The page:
In-town transit, and the “first mile, last mile” issue are really infrastructure challenges, several of which we have identified as fundamental building blocks for local residents’ quality of life. “One issue on which most residents can readily agree,” we said last July, “is that moving about the city by car, bus or bike is increasingly time consuming and frustrating. Traffic in downtown is abysmal … The city needs a realistic approach to mitigate this situation. Our quality of life, safety, and possibly our livelihoods are affected. Every new project needs to be assessed for its cumulative effect on this vital part of our infrastructure.”

But transportation is not the only infrastructure matter needing attention. “The city’s electrical and water infrastructure is increasingly under pressure due to the burden from thousands of daily visitors,” we said in the same article, “(s)trains in the city’s infrastructure manifest as disruptions in the electrical supply, the rising cost of water (only partially due to the drought), and the unwillingness or inability of our public officials to discuss reasonable limits on our city’s resources. A plan to honestly address inadequate infrastructure and limited resources must be part of any discussion on the city’s future.”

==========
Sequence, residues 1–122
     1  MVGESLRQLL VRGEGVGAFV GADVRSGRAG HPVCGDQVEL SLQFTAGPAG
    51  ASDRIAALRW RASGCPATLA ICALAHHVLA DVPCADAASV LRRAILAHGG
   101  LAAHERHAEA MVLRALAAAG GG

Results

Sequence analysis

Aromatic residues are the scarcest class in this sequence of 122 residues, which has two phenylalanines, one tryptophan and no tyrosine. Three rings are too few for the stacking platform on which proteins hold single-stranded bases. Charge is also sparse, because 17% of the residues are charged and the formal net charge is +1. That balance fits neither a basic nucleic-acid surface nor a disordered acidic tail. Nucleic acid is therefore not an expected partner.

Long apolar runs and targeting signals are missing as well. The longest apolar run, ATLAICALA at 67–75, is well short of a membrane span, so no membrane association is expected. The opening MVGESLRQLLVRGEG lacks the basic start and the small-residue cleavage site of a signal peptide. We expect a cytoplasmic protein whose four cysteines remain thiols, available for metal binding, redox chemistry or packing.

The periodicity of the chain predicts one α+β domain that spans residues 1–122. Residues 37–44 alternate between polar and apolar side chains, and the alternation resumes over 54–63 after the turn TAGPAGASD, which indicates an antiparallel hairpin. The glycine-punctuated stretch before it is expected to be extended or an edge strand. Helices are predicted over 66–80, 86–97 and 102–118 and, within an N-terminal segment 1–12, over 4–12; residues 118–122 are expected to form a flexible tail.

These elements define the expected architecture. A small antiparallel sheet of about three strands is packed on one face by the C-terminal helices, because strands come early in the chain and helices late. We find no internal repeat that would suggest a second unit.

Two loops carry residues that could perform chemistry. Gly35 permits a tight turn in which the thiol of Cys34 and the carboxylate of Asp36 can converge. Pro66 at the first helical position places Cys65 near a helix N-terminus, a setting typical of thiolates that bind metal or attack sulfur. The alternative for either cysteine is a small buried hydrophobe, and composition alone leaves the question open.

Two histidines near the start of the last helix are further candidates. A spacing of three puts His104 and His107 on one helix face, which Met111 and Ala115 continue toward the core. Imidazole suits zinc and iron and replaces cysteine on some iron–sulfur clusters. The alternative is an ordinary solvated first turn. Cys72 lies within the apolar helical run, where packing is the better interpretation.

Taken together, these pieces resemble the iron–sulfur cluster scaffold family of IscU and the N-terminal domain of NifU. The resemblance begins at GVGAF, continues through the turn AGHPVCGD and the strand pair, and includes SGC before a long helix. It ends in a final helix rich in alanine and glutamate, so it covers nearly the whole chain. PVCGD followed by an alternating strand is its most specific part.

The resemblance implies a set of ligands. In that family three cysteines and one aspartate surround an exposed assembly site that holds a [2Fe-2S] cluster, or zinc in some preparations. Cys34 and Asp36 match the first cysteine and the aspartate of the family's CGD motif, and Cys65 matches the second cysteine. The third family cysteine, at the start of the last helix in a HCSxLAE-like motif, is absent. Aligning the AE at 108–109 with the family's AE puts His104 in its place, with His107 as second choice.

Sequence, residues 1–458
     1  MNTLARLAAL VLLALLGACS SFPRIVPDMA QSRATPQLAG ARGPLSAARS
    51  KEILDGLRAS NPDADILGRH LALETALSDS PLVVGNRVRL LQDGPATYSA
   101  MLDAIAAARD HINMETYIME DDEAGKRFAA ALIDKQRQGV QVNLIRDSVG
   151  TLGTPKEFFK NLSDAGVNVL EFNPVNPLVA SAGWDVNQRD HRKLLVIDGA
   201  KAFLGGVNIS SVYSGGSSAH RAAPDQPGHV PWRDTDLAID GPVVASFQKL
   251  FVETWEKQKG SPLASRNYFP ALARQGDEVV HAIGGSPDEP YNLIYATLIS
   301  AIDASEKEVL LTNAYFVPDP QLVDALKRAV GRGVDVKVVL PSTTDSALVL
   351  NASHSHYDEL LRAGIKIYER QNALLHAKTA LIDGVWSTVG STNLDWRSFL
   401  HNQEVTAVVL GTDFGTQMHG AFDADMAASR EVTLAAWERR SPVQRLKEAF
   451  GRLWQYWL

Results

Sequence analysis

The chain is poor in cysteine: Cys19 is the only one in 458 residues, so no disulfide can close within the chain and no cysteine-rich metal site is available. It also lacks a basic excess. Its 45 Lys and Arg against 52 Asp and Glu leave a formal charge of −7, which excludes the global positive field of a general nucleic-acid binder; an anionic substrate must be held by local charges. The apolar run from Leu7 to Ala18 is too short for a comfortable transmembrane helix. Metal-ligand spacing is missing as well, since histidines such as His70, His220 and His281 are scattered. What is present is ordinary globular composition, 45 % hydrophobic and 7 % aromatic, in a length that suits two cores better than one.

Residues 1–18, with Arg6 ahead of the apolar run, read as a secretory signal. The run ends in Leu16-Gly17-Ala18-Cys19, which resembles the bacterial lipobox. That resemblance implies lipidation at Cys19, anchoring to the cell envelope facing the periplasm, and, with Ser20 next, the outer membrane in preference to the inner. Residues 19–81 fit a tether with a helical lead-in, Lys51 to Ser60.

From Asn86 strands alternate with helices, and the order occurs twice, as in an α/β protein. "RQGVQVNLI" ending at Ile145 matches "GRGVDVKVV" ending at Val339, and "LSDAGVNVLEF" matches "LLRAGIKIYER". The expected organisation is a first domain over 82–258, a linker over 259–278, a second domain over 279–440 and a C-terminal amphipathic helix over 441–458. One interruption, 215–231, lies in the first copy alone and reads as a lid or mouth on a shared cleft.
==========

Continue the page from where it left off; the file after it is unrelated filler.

In August of last year, we pointed out the difficulties of achieving water independence (a City of Santa Monica goal for 2020 while large, water-consuming developments continue to be approved. “City government has not asked us to subsidize new development,” we wrote. “but that is the net effect of continuing to encourage and process large developments that significantly increase the city’s water consumption-especially projects substantially larger than basic zoning allows. Let’s not mince words: it’s irresponsible to consider such developments given the current water crisis. This past year has been the driest in recorded California history. There was a similarly dry year over 100 years ago, but our population has grown 40 times since then-and with indoor plumbing and hygiene changes, consumption is probably closer to 100 times what it was then.”